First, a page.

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Yaoundé - 11 December 2018 -
Banking and Finance

The awakening of the Cameroon banking sector: is it possible?

The awakening of the Cameroon banking sector: is it possible?
  • Comments   -   Friday, 20 November 2009 08:57

(Business in Cameroon) - The sudden interest for the Cameroon banking sector provokes a certain shiver.

« Notre rôle ne doit plus être le seul financement des opérations d’import-export », précise un jeune cadre bancaire venu étoffer la Bicec.

"Our role should not only be limited to financing the import-export operations", says a young bank executive involved in the development of BICEC.

Often criticized for their modest contribution to financing economy, the large institutions are now engaged in expanding their business portfolios. The slogan is the same, for both BICEC and SGBC, two institutuons with different development models that nevertheless share the leadership of the sector. Unlike Afriland First Bank, which regression continues, these two banks have dropped the waiting strategy. "Our role should not only be limited to financing the import-export operations", says a young bank executive involved in the development of BICEC. At the same time, still real, the French bank domination is about to fade. The arrival of African banking institutions (Nigerian, Moroccan and from Ivory Coast) should allow the redistribution of the cards. Thus, Ecobank Cameroon, Attijariwafa Bank, Banque Atlantique and United Bank for Africa (UBA) should see their share of the market grow from 15% in 2009 up to 30 to 40% by 2012 according to the estimates of the professionals.
 
 

The appetite of the African banks

Perspectives rather well received by the professional association of credit institutions in Cameroon (APECAM). With much more simplified procedures and a development model based on banking services, rather than supporting multinational corporations, African banks have a real role to play on construction sites in emerging Cameroon. It is obvious that, due to their commitments, their development models proved to be from the very beginning more daring and riskier than their Western counterparts, cautious and conservative to the "risk" of the individual. On the other hand, the decline of old industrial operations of colonial origin lead some French banks, which have not developed the retail portion, to settle their presence.

Still real, the French bank domination is about to fade. The arrival of African banking institutions (Nigerian, Moroccan and from Ivory Coast) should allow the redistribution of the cards.

In this context Attijariwafa Bank took over the acquisition of 65% stake of the Cameroon Bank (SCB) in the detriment of French Crédit Agricole. This recovery, negotiated at the price strength (164 billion FCFA) and accompanied by a development plan, marks the end of CBS' wandering, Cameroon's third largest bank, carried from one hand to another since 2003, when Crédit Agricole has been taken over by Crédit Lyonnais. Unlike its rival which has relied on an acquisition, BMCE (third Moroccan bank) was established in Cameroon in September 2008 by the creation of a subsidiary. Besides the African banks' appetite for Cameroon, the presence of other Western banks such as Standard Chartered and Citibank helps accelerate the modernization of this sector and implementation of the international standards.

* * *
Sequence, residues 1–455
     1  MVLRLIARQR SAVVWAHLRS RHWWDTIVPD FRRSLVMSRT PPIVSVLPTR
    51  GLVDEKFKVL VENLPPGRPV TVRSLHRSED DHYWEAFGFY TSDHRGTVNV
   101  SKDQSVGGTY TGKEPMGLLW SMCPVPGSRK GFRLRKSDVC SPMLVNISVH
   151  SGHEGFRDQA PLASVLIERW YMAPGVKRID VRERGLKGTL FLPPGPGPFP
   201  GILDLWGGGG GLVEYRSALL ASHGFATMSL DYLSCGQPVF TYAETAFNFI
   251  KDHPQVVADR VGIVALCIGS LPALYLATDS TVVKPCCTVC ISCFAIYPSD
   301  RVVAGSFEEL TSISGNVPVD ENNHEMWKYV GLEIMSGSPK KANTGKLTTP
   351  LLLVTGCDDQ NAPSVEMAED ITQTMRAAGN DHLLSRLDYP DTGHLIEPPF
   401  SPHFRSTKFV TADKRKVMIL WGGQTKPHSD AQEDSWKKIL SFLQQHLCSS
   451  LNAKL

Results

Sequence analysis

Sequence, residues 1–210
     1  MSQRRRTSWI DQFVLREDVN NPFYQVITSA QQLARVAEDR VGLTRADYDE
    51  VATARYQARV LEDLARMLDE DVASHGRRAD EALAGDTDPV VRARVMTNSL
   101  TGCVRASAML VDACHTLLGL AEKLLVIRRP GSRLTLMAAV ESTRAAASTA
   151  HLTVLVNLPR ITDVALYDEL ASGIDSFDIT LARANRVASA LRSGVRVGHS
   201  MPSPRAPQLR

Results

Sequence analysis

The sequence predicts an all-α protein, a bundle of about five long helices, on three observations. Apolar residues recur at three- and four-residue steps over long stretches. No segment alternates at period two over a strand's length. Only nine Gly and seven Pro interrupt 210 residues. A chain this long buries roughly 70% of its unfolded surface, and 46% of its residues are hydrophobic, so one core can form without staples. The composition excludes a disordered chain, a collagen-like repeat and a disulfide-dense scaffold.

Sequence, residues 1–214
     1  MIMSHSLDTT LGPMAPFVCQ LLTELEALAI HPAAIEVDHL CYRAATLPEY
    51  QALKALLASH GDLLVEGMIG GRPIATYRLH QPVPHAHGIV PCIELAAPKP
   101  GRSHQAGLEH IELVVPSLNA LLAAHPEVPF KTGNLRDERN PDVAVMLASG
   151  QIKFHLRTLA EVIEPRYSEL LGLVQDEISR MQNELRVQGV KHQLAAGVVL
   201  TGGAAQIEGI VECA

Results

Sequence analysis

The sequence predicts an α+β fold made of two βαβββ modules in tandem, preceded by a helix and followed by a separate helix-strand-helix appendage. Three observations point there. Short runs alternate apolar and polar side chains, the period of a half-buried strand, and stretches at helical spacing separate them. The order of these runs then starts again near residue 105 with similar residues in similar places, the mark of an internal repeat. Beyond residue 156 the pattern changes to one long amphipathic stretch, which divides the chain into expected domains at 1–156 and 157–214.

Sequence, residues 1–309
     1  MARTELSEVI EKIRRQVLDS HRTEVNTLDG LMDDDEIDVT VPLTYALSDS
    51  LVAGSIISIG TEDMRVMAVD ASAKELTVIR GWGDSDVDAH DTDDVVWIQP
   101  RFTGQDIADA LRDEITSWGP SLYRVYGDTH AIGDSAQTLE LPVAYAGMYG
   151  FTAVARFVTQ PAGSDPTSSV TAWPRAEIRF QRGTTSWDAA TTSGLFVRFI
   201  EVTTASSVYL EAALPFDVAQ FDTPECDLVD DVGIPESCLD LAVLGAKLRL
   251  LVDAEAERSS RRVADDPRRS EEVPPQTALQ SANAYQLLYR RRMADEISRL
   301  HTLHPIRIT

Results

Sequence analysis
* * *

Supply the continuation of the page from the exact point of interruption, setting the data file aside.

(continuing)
A modernization born out of a long term consolidation Like all the Cameroonian economy, the banking sector has suffered from the crisis of the 80s that resulted over a long period of structural adjustment. Many banks have sunk in the late 80s and during the decade that followed. It is already the case of Cameroon Bank Corporation (SBC) which had a split-winding transfer in 1989 with the transfer of compromised debt and a merger of good assets with the Commercial bank of Credit Lyonnais (SCB-CL) . In the same year (1989) it was discussed the liquidation and closure of the Rural Development Fund (Fonadis), The Development Bank (BCD) of Cameroon, Banque Paribas (Paribas), Bank of Cameroon (Cambank) and the split-winding of the Bank of Credit and Commerce Cameroon (BCCC), with the transfer of good assets at Standard Chartered Bank Cameroon (SCBC). The year 1990 had its lot with the liquidation of the liabilities of the International Bank for Trade and Industry of Cameroon (BICICI). In November the same year as the minimum capital of banks has been raised from 300 million to 1 billion FCFA. An operation that help speed up the logic of consolidation. The division of the Meriden Cameroon Bank (MCB) and the International Bank for West Africa in Cameroon (BIAOC) have created the WB-BIAOC. In the 1990s, the harmonization of banking regulation in the CEMAC allowed players to consider now the future of the region. The sharp devaluation in 1994, accelerated the reserve of French banks towards a Cameroonian economy struggling to emerge from a strict regime of the IMF. Thus, the Banque Nationale de Paris (BNP) will withdraw its technical support to the International Bank for Trade and Industry of Cameroon (BICICI). In 1996, the WB-BIOC, after a merger, will be liquidated. It will be the same for the Credit Agricole du Cameroon, replacing the Fonade to be liquidated in 1997. The BICICI will be closed and replaced by BICEC, International Bank of Cameroon for savings and credit. The institution, majority owned by the state will be privatized simultaneously.